A related point is Buffett’s repeated reference to buying wonderful businesses at fair prices rather than fair businesses at wonderful prices. This mindset drives the following language from his 1996 annual letter to Berkshire shareholders:
“Over time, the aggregate gains made by Berkshire shareholders must of necessity match the business gains of the company. . . .
[T]he longer a shareholder holds his shares, the more bearing Berkshire’s business results will have on his financial experience — and the less it will matter what premium or discount to intrinsic value prevails when he buys and sells his stock. . . .“
This long term approach allows Buffett to defer capital gains taxes and get the full benefit of his investment’s long term, upward trajectory, making the passage of time his friend rather than his enemy. Hence Buffett focuses on long term, future earnings streams rather than past, current, or near-term earnings. In his 1994 annual letter Buffett discusses this point in the context of mergers and acquisitions:
“[I]n contemplating business mergers and acquisitions, many managers tend to focus on whether the transaction is immediately dilutive or anti-dilutive to earnings per share (or, at financial institutions, to per-share book value). An emphasis of this sort carries great dangers. Going back to our college-education example, imagine that a 25-year-old first-year MBA student is considering merging his future economic interests with those of a 25-year-old day laborer. The MBA student, a non-earner, would find that a ’share-for-share’ merger of his equity interest in himself with that of the day laborer would enhance his near-term earnings (in a big way!). But what could be sillier for the student than a deal of this kind?
In corporate transactions, it’s equally silly for the would-be purchaser to focus on current earnings when the prospective acquiree has either different prospects, different amounts of non-operating assets, or a different capital structure. At Berkshire, we have rejected many merger and purchase opportunities that would have boosted current and near-term earnings but that would have reduced per-share intrinsic value. Our approach, rather, has been to follow Wayne Gretzky’s advice: ‘Go to where the puck is going to be, not to where it is.’ As a result, our shareholders are now many billions of dollars richer than they would have been if we had used the standard catechism.”
With many low PE or cigar butt companies, future business prospects are often so uncertain that it’s impossible to evaluate the most relevant determinant of intrinsic value: future earnings streams. In assessing whether a cigar butt is undervalued, the investor is effectively forced to rely on quickly changing multiples like PE or price to cash flow, which place most of the weight on past, current, or near-term earnings and give little to no weight to long term future earnings and “where the puck is going to be.” Buffett appears unwilling to accept this kind of short-term, rear-view focus, and he clearly believes Berkshire has benefitted — by “many billions of dollars“ — by instead focusing on whether a company has a long term, future earnings stream that’s defensible and predictable, with attractive future returns on equity and invested capital.
Below are some combined tweets I recently posted on these subjects. My comments assume it’s possible to estimate the “fair value” of a cigar butt, but for reasons detailed above, the future earnings of a troubled company are often too uncertain to estimate intrinsic value using DCF analysis. In assessing a cigar butt’s value, earnings and cash flow multiples, while imperfect, are often the best alternative:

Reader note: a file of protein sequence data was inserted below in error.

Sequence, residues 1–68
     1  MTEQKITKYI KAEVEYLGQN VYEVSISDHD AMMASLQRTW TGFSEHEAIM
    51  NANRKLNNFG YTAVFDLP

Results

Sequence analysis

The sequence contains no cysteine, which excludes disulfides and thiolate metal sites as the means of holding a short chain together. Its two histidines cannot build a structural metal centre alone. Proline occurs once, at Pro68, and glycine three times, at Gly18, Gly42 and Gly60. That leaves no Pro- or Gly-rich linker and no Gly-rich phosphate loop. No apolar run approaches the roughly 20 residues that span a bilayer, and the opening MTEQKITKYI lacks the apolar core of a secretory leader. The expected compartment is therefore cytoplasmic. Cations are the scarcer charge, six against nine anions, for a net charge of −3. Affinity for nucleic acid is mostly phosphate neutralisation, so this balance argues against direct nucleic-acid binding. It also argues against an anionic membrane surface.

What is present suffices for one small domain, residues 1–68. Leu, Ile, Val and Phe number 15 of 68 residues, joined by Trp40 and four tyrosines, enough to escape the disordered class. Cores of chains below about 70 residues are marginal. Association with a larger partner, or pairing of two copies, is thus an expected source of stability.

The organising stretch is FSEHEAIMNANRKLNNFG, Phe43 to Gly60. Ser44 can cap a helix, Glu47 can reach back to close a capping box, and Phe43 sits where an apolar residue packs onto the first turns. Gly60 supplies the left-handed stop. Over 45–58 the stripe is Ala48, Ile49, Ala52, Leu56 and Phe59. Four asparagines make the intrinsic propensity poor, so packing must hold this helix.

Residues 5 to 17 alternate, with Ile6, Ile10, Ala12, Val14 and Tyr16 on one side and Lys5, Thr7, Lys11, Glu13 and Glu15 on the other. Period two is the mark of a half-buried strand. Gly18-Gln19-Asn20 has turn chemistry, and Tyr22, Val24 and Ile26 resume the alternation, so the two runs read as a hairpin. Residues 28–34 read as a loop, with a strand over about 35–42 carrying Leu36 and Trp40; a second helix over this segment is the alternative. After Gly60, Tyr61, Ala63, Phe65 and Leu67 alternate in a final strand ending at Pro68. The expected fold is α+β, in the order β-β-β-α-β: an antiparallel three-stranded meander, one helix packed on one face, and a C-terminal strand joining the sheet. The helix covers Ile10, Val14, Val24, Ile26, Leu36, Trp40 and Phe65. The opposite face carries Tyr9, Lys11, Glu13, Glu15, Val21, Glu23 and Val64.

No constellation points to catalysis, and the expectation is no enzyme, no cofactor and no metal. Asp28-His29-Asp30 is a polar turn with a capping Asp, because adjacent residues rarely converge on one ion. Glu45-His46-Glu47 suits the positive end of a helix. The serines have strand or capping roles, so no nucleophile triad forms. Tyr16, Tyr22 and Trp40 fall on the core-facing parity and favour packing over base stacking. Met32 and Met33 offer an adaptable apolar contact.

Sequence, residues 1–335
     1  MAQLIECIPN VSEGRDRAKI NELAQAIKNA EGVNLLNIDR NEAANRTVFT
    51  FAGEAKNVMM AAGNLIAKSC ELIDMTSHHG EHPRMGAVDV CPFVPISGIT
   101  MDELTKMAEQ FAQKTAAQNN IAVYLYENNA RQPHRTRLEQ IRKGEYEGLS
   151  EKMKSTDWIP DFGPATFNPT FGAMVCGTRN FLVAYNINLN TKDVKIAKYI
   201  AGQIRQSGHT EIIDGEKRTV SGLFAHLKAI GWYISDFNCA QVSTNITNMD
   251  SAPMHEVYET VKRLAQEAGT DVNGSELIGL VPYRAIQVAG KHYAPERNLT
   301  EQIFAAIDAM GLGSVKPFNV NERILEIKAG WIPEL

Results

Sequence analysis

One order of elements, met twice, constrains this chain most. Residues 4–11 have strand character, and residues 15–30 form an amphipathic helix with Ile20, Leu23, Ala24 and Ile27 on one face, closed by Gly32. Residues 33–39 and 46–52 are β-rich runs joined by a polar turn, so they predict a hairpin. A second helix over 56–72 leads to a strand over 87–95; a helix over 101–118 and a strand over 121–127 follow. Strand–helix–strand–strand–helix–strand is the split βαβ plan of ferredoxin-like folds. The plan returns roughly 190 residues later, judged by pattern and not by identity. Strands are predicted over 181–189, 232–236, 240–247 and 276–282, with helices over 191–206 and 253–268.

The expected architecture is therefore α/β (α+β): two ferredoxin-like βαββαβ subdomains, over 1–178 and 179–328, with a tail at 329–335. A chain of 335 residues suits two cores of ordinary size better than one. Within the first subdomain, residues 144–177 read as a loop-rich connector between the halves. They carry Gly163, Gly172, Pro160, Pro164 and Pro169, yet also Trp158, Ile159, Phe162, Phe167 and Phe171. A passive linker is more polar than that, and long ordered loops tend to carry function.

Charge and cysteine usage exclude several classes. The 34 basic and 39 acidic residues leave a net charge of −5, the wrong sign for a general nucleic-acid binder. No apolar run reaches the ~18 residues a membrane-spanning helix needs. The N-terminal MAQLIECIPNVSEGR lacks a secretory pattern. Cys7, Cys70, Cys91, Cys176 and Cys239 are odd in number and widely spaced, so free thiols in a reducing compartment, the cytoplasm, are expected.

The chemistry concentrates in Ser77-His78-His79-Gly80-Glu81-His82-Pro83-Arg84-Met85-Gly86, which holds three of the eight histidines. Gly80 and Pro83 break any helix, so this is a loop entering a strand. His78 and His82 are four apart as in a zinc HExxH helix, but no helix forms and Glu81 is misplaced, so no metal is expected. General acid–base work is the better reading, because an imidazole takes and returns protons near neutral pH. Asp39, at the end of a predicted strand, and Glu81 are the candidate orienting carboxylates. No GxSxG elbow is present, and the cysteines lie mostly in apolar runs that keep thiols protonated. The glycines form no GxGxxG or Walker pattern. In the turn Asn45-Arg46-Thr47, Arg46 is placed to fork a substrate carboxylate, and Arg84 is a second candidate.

“@JohnHuber72 One interesting thing about Buffett’s permanent holding approach is that after you’ve bought a great company at a fair/undervalued price, you can ignore the stock’s volatility because you’re not trying to make money on short term swings. Instead, your investment thesis rests on the long term success of the company, making it much easier to ignore short term swings. Another thing I remember is Phil Fisher’s line about the relative benefits of buy and hold approaches (like Buffett’s). It’s not that you can’t make money with approaches other than buying and holding forever, but you’re unlikely to make as much. So cigar butt investing works fine (exploiting volatility), but buy and hold forever works better if you can identify great companies with moats and buy in at a fair price. . . .
@beardedactuary @Greenbackd Great tweet! My only comment would be that with wonderful company at fair price — one generating high ROIC and allocating capital wisely — you may never have to sell the company (even if it’s a bit overvalued). So low cap gains tax and no angst over when to sell. With fair company at wonderful price you usually have to sell at close to fair value because the company’s long term prospects are questionable and ROIC’s aren’t great. Also, if you buy a cigar butt at too close to fair value you can’t just hold it & make money (since long term prospects are bad). If you buy a wonderful company at fair value & are patient, you can still make money over long term & relevance of purchase price decreases over time. Hence Buffett’s quote, which I never fully understood until recently, ‘time is the friend of the wonderful business, the enemy of the bad business.’”
The author is not an investment advisor or CFA and readers should consult an investment advisor before buying or selling any publicly traded stock. The views expressed in this article are the author's personal opinions and should not be construed as investment advice.